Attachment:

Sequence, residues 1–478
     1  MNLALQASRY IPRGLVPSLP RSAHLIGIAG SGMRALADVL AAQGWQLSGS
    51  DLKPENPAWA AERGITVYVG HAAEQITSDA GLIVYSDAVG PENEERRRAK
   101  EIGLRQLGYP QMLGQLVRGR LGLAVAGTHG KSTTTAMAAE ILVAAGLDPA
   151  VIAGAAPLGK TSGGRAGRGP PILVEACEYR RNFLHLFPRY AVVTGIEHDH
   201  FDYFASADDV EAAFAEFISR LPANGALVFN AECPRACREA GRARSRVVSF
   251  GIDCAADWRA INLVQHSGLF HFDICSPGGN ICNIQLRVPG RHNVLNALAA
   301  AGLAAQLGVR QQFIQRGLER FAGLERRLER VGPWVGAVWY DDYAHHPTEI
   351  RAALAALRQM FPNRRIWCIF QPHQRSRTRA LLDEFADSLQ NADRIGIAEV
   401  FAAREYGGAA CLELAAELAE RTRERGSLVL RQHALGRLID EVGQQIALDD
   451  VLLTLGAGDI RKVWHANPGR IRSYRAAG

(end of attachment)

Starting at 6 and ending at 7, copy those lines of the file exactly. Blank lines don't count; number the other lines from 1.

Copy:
   201  FDYFASADDV EAAFAEFISR LPANGALVFN AECPRACREA GRARSRVVSF
   251  GIDCAADWRA INLVQHSGLF HFDICSPGGN ICNIQLRVPG RHNVLNALAA